Singer and television star Andy Williams has died at the age of 84 from cancer.
Andy Williams was one of those second-generation crooners, coming along well after guys like Bing Crosby and a few years after Frank Sinatra.
Andy hailed from little Wall Lake, Iowa, and he and his brothers were pushed into show business by their dad. The quartet of singing brother went from Des Moines to Cincinnati to Chicago, playing the big radio stations and making a name for themselves.
When Andy was 14 years old, his dad decided they should try to get into the movies, so they moved to California. That’s how Andy ended up singing behind Bing Crosby on the hit “Swinging on a Star.”
Later in his teen years he got a major boost from entertainer Kay Thompson, and as a solo professional it was Steve Allen who gave him a shot. On Allen’s TV show, Williams learned about comedy and about performing in front of television cameras. By 1957 he was being steered to host his own TV show, and he had summer variety shows on ABC (1958) and CBS (1959).
Williams began his long association with NBC in 1962, with The Andy Williams Show, a variety show of singers and comedy skits. At first his back-up group was The New Christy Minstrels, but they were soon replaced — at Andy’s father’s insistence — on a new group of singers, young lads who’d been discovered while singing at Disneyland.
That would be The Osmonds, starting in late 1962. About a year later, little six year-old Donny Osmond made his debut on Andy’s show and launched his career. Here’s a photo of two others who appeared on Andy’s show: comedian Bob Newhart and ukulele-playing entertainer Tiny Tim.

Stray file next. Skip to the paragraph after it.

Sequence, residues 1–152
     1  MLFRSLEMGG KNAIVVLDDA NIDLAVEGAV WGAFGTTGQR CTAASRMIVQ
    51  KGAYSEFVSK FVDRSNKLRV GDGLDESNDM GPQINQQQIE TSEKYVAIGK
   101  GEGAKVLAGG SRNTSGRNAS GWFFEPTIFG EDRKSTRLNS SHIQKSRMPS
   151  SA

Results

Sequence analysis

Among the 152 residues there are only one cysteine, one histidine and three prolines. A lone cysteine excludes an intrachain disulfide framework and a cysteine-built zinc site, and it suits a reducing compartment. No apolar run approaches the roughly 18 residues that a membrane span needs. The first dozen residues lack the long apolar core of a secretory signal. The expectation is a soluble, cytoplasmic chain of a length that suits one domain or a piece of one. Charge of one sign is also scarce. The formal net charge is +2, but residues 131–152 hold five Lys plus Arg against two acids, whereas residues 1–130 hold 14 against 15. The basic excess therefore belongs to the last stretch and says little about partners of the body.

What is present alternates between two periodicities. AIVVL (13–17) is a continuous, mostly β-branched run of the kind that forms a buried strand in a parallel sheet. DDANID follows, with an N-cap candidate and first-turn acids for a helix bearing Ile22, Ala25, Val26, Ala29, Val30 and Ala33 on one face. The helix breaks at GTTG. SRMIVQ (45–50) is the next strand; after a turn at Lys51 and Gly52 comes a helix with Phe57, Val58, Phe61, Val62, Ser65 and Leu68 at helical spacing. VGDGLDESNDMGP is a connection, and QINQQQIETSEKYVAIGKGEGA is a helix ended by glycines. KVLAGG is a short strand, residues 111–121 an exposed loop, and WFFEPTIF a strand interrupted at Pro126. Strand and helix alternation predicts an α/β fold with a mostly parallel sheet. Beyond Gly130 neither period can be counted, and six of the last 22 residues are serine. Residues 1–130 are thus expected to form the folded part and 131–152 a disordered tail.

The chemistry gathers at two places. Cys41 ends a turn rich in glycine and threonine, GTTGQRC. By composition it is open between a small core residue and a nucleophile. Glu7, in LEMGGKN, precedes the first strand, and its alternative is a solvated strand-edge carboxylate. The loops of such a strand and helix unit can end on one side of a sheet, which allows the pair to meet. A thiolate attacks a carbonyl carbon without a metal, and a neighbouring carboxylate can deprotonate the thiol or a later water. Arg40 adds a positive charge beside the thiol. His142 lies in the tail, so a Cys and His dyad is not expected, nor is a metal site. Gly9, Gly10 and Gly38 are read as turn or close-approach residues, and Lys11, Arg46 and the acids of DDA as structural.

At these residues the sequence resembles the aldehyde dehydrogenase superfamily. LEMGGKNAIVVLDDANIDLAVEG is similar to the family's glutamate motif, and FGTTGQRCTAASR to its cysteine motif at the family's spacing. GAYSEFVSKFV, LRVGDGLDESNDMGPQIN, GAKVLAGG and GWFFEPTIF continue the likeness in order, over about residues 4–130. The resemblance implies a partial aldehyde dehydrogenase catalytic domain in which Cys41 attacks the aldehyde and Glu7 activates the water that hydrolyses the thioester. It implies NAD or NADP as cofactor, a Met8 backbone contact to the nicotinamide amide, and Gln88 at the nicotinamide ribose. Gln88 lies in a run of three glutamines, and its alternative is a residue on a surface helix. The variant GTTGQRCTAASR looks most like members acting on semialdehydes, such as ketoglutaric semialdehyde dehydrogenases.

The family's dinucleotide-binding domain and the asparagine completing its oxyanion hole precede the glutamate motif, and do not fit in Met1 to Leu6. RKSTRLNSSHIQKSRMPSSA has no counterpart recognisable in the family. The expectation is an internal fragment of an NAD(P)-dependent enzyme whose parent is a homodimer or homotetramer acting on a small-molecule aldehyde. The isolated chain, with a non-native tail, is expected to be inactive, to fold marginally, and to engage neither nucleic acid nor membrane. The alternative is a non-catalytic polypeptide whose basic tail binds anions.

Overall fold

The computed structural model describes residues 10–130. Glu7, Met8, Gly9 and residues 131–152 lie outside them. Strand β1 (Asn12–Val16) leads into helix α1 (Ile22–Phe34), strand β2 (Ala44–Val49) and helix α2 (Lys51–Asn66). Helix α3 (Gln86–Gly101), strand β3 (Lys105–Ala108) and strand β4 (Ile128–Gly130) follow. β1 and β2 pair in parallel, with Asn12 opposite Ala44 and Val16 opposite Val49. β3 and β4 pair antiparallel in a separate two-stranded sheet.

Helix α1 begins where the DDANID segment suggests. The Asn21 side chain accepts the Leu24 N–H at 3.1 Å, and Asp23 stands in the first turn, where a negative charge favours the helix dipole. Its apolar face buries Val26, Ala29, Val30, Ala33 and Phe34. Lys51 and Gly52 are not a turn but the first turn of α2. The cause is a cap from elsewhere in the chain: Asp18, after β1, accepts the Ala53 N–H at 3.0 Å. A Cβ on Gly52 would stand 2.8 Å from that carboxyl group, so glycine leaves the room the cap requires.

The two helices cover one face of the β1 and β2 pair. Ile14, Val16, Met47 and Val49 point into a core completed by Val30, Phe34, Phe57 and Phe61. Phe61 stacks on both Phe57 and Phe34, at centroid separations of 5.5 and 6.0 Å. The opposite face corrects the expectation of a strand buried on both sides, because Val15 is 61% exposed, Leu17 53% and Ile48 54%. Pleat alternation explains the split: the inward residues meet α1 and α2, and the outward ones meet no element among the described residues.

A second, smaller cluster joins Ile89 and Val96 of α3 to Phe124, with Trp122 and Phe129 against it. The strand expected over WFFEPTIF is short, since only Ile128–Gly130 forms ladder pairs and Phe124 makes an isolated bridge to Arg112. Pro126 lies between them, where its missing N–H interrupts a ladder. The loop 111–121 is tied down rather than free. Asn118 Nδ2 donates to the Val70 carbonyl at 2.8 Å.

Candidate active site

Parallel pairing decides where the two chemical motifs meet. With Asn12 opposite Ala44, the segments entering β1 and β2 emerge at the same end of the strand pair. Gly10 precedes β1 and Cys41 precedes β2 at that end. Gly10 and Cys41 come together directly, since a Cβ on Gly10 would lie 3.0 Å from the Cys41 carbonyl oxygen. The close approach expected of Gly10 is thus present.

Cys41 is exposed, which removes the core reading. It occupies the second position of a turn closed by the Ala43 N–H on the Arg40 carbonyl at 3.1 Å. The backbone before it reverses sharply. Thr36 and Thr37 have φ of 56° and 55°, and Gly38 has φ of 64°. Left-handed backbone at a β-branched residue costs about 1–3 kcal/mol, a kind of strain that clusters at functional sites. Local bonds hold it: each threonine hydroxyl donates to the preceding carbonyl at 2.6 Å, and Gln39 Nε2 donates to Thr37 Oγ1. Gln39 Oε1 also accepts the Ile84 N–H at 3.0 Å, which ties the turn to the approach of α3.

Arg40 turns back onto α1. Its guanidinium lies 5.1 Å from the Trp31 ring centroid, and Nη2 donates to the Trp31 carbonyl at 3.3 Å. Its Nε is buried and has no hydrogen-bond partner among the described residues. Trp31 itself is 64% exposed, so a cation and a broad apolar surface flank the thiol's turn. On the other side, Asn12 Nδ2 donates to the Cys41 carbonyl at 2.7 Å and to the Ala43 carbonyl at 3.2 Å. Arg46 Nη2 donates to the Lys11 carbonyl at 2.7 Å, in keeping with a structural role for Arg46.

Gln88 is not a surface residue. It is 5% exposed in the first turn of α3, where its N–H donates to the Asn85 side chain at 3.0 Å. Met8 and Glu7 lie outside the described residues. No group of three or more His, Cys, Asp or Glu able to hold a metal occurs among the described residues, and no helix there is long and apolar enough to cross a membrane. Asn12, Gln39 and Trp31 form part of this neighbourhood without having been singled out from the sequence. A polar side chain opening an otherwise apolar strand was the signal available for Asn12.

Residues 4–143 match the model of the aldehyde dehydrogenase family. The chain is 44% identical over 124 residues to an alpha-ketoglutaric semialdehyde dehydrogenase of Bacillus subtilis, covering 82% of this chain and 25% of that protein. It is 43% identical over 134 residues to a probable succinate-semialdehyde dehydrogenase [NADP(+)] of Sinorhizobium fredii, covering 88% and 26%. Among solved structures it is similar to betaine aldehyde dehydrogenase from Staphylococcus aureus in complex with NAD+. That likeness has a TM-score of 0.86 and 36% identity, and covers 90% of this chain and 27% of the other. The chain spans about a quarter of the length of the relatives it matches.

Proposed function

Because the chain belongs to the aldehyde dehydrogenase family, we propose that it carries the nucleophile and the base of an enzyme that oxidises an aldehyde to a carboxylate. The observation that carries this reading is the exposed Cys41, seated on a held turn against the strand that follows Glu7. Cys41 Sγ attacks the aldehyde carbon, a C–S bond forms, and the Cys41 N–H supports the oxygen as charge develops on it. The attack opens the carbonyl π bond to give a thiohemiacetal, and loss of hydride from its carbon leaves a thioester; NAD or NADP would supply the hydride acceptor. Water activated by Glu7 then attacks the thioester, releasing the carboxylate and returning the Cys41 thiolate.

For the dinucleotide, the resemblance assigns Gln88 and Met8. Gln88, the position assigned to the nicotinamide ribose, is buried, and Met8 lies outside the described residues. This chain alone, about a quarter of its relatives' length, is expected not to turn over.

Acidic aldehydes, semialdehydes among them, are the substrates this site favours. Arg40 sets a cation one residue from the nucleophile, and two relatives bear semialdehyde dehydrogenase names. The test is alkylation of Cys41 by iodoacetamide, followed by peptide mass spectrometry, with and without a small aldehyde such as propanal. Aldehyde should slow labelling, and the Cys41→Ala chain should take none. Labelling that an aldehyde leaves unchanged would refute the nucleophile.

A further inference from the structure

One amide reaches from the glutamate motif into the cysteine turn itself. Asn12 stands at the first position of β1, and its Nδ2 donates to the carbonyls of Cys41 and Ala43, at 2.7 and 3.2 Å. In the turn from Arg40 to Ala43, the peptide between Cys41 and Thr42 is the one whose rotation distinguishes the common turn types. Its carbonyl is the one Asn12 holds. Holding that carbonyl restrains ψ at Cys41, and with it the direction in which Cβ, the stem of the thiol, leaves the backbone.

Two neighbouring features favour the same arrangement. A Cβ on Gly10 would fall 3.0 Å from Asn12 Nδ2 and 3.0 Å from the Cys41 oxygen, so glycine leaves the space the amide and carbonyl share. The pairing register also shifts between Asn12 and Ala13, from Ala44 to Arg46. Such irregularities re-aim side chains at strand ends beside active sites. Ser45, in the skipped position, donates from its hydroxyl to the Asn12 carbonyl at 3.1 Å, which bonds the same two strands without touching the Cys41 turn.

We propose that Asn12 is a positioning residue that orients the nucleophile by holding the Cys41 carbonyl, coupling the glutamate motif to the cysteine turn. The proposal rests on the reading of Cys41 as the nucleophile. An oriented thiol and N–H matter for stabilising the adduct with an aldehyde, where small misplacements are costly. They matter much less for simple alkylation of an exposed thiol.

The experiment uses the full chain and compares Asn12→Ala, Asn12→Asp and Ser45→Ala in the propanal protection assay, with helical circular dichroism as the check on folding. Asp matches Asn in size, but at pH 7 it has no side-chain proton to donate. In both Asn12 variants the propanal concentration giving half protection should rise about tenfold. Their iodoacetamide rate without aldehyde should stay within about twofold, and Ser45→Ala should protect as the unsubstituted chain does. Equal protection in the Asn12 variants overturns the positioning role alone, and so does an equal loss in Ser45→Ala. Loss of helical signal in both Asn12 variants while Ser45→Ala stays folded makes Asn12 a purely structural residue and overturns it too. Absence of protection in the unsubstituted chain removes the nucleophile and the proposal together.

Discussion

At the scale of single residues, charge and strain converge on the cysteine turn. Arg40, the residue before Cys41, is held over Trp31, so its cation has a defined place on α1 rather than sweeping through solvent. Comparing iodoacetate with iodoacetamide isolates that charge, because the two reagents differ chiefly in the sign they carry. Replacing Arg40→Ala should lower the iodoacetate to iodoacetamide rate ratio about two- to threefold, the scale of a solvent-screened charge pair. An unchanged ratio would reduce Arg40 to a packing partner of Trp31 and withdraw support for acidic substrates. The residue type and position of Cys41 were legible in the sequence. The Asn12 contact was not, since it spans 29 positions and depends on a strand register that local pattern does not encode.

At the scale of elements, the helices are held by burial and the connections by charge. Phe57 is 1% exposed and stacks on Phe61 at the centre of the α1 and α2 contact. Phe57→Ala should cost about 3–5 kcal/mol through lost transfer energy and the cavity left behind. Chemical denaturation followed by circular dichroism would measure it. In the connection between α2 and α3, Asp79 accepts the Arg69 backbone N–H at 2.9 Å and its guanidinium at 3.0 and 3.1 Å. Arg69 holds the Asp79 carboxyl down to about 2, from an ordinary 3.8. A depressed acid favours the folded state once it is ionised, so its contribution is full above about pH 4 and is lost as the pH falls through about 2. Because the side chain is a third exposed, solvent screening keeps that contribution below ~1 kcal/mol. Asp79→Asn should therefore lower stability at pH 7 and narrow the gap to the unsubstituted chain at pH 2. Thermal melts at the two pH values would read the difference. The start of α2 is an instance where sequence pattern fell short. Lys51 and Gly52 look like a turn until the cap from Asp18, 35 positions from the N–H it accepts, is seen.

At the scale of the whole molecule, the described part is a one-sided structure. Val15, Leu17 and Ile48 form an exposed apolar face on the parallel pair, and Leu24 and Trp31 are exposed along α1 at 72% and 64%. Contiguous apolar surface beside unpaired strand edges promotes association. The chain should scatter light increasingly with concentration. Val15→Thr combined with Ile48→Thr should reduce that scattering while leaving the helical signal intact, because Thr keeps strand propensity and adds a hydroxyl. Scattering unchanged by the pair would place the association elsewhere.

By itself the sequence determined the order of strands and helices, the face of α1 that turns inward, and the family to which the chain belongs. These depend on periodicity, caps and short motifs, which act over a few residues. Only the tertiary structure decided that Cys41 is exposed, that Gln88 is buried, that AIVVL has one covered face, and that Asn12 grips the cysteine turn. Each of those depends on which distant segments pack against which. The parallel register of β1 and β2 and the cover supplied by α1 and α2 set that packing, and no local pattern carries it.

The Andy Williams Show aired off and on up through 1971, and Andy continued to have holiday specials and occasional shows. He also produced a short-lived series for singer Ray Stevens in 1970 (Andy Williams Presents Ray Stevens). It was Stevens who later convinced Williams to move to Branson, Missouri and set up shop. (Trivia: one of the regular players on Ray’s series was stand-up comedian Steve Martin.)
Andy opened a theater in Branson in the early 1990s, and performed there right up until last year.
All the obituaries remind us that Andy Williams was considered a nice guy. “Affable” and “boyishly handsome” is how the New York Times obituary describes him. He was pleasant, familiar and unthreatening during the late 1960s, when the teens were all going crazy over rock music. Williams tackled some of that “rock” music on his show, of course. Like the time he sang The Partridge Family hit “I Think I Love You.”
Here’s an example of the kind of thing Andy did on his show, singing a happy ditty with Eddie Fisher and Bobby Darin:
Clearly there was more to Andy Williams than simply being a nice guy with a smooth voice. He was an exacting performer and boss, they say, driven to get things right. He ran his own theater and performed five or six times a week, well past retirement age. And there’s that whole weird episode with French singer Claudine Longet in 1976.
Andy Williams was married to Longet in 1961, when he was a 33-year-old success and she was a 19-year-old Las Vegas showgirl. They had a couple of kids and then split up in 1970. Longet later hooked up with a champion skier, “Spider” Sabich.
One night in 1976, Longet shot and killed Sabich in their Aspen, Colorado home. She was tried for murder, but ended up only being convicted of criminal negligence — she said the shooting was an accident. During the ordeal of her trial, her ex-husband Andy Williams stood by her in support. This only solidified his reputation as a nice man, although perhaps not in the minds of Sabich’s family.
At the time I remember thinking it was just plain odd that Andy Williams would even be close to a scandal of any kind, let alone a violent one. I wasn’t really thinking about the fact that he was the father of Claudine’s two children.
Andy Williams was one of the last of the old-style crooners. He wasn’t so old-fashioned that he didn’t have a Twitter account, however. Three days before he died Andy Williams sent his last tweet on what he called “the twitterphone”:
(The tweet just before that was “Debbie wanted me to say ‘Thank You.’ I wanted to say ‘Thank you, but where’d I leave my glasses?”)